The truth about these dysfunctional, downscale communities is that they deserve to die. Economically, they are negative assets. Morally, they are indefensible. Forget all your cheap theatrical Bruce Springsteen crap. Forget your sanctimony about struggling Rust Belt factory towns and your conspiracy theories about the wily Orientals stealing our jobs. … The white American underclass is in thrall to a vicious, selfish culture whose main products are misery and used heroin needles. Donald Trump’s speeches make them feel good. So does OxyContin. What they need isn’t analgesics, literal or political. They need real opportunity, which means that they need real change, which means that they need U-Haul.
If you want to achieve your dreams, “get out of Garbutt,” he admonishes. Go to where the new jobs are. But the new jobs are being filled by immigrants, and have been at least since the turn of the century, when the “diversity makes us stronger” mantra obscured an immigrant growth rate that vastly exceeds job growth rate. The rush of foreign labor has claimed all of the net US job gains since 2000. And this is occurring, not in a full employment economy (of < 3% unemployment) when an influx of foreign labor might be welcomed, but in the presence of an enormous and growing labor surplus of existing American citizens.
The official unemployment rate (referred to as U3), now at 4.7%, is flaunted, as if the economy was a mere 7.5 million jobs away from full employment. That rate, however, measures only jobless individuals who have actively looked for work in the previous four weeks. A better measure is the U6 rate, which includes workers who have not recently looked for a job and part-time workers who can’t find a fulltime job. With the U6 measure, currently at 9.1%, 14.6 million Americans are unemployed. But there are millions of other unemployed, working age adults who would seek work if good-paying, fulltime jobs were available. These include, for example, students over the age of 25, so-called stay-at-home-dads, and workers driven to the Social Security Disability program. With these individuals, the effective number of unemployed could be as high as 25 million.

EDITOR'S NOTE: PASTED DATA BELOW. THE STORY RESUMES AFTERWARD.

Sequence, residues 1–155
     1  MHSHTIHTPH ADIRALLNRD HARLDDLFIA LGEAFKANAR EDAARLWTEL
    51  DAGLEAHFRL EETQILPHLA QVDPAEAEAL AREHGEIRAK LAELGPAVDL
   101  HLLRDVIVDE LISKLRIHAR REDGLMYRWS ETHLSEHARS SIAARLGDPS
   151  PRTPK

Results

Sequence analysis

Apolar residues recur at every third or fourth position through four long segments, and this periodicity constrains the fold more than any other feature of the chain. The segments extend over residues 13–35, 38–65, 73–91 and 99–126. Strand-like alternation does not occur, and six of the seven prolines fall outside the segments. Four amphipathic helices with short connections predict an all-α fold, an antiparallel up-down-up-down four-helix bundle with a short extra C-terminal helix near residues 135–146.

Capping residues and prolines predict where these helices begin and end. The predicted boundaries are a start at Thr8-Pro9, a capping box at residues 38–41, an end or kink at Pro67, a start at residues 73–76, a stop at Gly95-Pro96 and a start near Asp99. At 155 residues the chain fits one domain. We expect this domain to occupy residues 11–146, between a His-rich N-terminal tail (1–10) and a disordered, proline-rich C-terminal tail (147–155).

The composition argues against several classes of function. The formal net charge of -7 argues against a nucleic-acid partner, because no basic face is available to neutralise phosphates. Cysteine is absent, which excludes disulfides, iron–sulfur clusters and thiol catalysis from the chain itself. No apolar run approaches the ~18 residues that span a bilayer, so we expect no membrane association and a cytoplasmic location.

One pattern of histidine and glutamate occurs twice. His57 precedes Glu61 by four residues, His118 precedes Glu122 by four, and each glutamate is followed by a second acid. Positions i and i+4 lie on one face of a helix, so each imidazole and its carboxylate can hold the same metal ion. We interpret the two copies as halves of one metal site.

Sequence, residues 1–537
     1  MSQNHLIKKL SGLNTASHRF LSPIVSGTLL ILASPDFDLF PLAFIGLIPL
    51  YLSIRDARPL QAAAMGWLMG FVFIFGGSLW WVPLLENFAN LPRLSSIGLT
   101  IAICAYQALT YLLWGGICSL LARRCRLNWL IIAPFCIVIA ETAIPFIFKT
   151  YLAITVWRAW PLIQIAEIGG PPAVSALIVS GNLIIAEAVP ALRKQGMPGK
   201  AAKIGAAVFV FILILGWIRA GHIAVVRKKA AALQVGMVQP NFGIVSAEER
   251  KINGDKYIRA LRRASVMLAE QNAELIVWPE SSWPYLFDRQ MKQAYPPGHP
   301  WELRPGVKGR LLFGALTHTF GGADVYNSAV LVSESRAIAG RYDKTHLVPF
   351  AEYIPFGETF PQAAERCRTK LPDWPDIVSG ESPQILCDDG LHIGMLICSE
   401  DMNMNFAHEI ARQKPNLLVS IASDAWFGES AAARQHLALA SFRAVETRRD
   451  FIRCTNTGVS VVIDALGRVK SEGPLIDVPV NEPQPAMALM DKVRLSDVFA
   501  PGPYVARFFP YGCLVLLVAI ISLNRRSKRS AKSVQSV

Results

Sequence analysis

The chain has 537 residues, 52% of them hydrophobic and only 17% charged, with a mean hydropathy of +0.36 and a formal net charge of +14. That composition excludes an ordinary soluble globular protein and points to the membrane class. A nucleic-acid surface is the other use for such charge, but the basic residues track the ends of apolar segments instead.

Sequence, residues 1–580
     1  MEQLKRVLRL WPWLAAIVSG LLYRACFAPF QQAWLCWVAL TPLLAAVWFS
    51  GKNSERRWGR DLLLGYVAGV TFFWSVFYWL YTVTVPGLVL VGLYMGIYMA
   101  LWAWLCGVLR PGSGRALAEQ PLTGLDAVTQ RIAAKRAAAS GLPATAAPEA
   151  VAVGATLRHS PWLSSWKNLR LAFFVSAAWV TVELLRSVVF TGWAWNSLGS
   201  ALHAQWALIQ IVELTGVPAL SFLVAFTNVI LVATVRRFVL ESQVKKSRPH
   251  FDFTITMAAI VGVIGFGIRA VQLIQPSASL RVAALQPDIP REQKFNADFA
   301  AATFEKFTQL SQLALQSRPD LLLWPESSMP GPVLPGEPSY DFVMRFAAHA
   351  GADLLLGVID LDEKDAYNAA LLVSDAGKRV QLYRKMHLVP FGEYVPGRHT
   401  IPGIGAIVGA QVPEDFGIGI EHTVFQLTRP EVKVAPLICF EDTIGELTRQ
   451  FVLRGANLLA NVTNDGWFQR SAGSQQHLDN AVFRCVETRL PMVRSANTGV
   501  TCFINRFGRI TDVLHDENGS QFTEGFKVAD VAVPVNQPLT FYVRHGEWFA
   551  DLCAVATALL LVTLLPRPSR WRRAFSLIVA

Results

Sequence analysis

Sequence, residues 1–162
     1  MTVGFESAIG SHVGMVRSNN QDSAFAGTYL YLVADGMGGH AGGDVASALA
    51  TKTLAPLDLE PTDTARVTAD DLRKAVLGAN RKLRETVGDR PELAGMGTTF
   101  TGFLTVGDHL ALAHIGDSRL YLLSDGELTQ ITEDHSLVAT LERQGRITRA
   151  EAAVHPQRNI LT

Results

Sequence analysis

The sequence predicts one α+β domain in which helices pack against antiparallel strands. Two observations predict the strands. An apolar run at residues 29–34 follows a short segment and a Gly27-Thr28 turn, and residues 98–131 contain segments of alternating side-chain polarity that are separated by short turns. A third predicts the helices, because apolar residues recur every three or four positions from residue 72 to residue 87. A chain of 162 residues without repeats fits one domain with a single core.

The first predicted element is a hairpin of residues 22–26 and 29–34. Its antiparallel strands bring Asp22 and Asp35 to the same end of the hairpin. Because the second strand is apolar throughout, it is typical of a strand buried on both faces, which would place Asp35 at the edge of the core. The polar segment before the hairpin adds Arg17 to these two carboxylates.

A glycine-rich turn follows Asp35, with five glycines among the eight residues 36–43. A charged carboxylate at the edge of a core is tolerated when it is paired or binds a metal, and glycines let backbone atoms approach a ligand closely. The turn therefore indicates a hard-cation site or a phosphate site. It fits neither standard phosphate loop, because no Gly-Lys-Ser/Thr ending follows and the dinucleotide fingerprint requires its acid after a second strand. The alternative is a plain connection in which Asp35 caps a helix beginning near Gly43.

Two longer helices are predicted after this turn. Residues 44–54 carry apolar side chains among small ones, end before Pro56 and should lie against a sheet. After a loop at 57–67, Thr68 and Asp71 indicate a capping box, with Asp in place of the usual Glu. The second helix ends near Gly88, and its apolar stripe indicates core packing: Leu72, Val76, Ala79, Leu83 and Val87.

But good-paying, fulltime jobs have become scarce. The labor surplus, coupled with a steady influx of “cheap” foreign labor, has depressed wages. And incomes have been additionally depressed by an astounding lack of growth in full time jobs. The net increase in full time jobs created since 2000 is a paltry 11 million; barely 3 million full time jobs were created between 2007 and 2016.
This immense, and rapidly growing, labor surplus is fueled by ruthlessly immoral policies that place the desires of immigrants over the needs of existing American citizens. During the Obama administration, for example, about 11 million net jobs (the vast majority of which were part time jobs) were created. But according to the Department of Homeland Security, in the same period, at least 25 million foreign workers entered the labor force: more than 8 million lawful permanent residents and more than twice that number in temporary workers and trainees, not to mention refugees and asylees, and not counting illegal aliens – a net, in just the last eight years, of more than 15 million existing American citizens that now must struggle to get out of Garbutt.
What do we do with these Americans -- besides hold them in contempt, and increase their number by bringing in more immigrants to perform “the jobs Americans won’t do”? If our pro-immigration political leaders have their way, there will be no good-paying, full time jobs for millions of angry white Americans (and not just the ones tethered by ignorance and sloth to decaying towns in places like upstate New York, Appalachia, and the Rust Belt). Nor will there be good jobs for the millions of angry black Americans and millions of angry former-immigrant Americans that join them. For this forlorn, idle cohort, there will be no American Dream, and not a single rally.